Now here we have a change in one ranking slot, but a sheer cliff drop-off in quality.  When I first saw Sith I thought it flawed but as good or better than Jedi.  Now there is no way I would say anything so ridiculous, especially after rewatching Sith.  Ewan MacGregor gives it his all, and thus makes the final showdown with him and Anakin feel meaningful to the point that I get goosebumps for the only time in any of the prequels.  But my God, some things are just awful.  R2D2 is given ridiculous abilities.  The Jedi bodyguards for Mace Windu are all slayed in a matter of seconds by Palpatine in a way that defies belief.  Key dialogue and the reading of it are dreadful, especially Hayden Christensen's "From my point of view the Jedi are evil."  The "Padme died of a broken heart" thing is a stupid cop-out.  The mission to protect baby Luke and Leia could've been a great movie, and it lasts about five seconds with zero tension.  The destruction of the Jedi, supposedly the greatest warriors in the universe, ends up being as easy as microwaving a burrito.  Frankenvader.  Decades of anticipation went into the storyline of this film, it should have been a big fat pitch over the middle smacked for a home run, but instead it was mashed into the ground for a squeaker of an infield single. Three stars

6. Attack of the Clones
Before this set of rankings, I considered this one the worst, but now that title goes to Phantom Menace. Make no mistake, this is a bad movie.  The romance between Anakin and Padme simply does not work, the dialogue is rotten, and the bad delivery of said dialogue is probably down to the lack of proper direction of actors who have otherwise done well.  I should add that I am not as critical of Hayden Christensen's performance as others are, he's just not given much to work with.  His Anakin comes off as an edgy creep with violence lurking below the surface.  That's a good choice, but it's also very, very jarring after seeing the good-natured kid from the first film, who seems to have none of these characteristics.  Apart from the bad romance and bad direction, the film is bloated (the longest of all of them) and has massive set piece action sequences that don't quite work.  The whole droid factory sequence is useless, and C3PO's "humorous" experiences irritating in the extreme.  The CGI is not all that great and it is so ubiquitous that so many crucial scenes are distractingly fake looking. I give this film a reprieve from the bottom for a few reasons.  In the first place, I like the whole Obi-Wan as detective plot.  It's something a little new for Star Wars and interesting, even if I could do without the Boba Fett origin story.  Some of the design elements are also really cool, especially Coruscant.  Lucas never lost that ability to envision breath-taking worlds.  Last and certainly not least, Christopher Lee is in this and brings his wonderful glower.  Why couldn't he have been in the movie from the beginning, or at least halfway through? Two stars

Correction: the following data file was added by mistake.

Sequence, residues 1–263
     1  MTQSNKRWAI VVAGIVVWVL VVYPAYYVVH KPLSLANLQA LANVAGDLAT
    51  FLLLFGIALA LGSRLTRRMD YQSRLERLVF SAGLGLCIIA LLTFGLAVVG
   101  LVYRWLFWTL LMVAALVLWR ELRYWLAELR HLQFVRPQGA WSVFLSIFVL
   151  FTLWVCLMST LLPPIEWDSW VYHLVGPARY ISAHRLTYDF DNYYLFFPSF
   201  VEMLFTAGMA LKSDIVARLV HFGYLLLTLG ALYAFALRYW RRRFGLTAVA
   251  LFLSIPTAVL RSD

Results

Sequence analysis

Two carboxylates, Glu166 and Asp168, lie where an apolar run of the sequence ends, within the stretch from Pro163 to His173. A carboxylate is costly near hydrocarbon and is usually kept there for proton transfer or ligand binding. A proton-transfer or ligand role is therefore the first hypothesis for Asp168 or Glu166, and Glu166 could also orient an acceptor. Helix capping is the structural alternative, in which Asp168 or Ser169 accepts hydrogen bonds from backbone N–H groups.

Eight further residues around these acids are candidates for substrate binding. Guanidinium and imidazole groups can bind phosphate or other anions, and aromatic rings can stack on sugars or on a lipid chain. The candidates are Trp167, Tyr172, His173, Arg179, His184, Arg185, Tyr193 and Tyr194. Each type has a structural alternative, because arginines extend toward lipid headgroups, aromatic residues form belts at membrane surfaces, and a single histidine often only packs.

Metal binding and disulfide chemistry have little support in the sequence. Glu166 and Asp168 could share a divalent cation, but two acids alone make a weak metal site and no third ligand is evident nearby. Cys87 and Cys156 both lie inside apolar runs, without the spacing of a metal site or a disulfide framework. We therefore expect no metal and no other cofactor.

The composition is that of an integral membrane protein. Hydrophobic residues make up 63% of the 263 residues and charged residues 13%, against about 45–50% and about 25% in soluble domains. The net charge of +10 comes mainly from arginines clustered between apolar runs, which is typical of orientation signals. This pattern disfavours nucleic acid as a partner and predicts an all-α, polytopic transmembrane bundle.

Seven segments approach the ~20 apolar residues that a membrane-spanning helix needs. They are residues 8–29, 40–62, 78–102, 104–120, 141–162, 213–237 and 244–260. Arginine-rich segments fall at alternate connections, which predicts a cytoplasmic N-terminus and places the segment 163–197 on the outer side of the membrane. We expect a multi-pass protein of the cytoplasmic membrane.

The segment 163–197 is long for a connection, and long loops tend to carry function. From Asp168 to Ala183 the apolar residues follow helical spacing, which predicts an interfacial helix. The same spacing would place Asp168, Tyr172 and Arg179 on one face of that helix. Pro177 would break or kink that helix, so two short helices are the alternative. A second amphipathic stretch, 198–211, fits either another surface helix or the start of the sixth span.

7. The Phantom Menace
This movie is last because so many bad decisions were made in its conception that marred the prequel series as a whole.  Making Anakin a little boy (and thus making the romance with Amadala creepy.) Centering the plot around poorly explained trade routes that nobody can get into or care about. Midochlorians. Jar Jar. Giving the aliens ethnic stereotype accents. Taking the lived-in universe of the originals and making it all shiny, sheeny, and bland.  It's a shame because the lightsabers are so much cooler and the duels well-executed.  There's some great actors here (McGregor, Neeson, Portman, Jackson) but they look lost or like they are phoning it in, especially in Neeson's case.  This movie also has no real reason to exist, in terms of the larger plot. It is fun in places, but that doesn't come close to saving it.  Two stars